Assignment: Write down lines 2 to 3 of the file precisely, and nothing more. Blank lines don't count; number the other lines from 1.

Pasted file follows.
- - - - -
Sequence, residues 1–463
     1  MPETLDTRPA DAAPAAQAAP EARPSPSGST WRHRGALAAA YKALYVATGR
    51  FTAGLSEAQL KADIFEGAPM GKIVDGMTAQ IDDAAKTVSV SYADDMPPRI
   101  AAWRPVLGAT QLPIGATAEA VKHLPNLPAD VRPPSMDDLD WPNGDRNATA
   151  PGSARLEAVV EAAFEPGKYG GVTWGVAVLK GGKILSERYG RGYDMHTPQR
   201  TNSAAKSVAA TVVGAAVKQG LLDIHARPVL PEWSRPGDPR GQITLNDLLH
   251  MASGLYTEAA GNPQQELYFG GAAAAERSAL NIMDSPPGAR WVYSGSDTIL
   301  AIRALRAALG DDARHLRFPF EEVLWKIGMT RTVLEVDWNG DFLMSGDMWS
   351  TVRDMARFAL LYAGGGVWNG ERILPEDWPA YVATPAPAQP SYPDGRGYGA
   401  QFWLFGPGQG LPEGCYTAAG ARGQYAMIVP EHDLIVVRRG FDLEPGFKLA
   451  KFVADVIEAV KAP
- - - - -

     1  MPETLDTRPA DAAPAAQAAP EARPSPSGST WRHRGALAAA YKALYVATGR
    51  FTAGLSEAQL KADIFEGAPM GKIVDGMTAQ IDDAAKTVSV SYADDMPPRI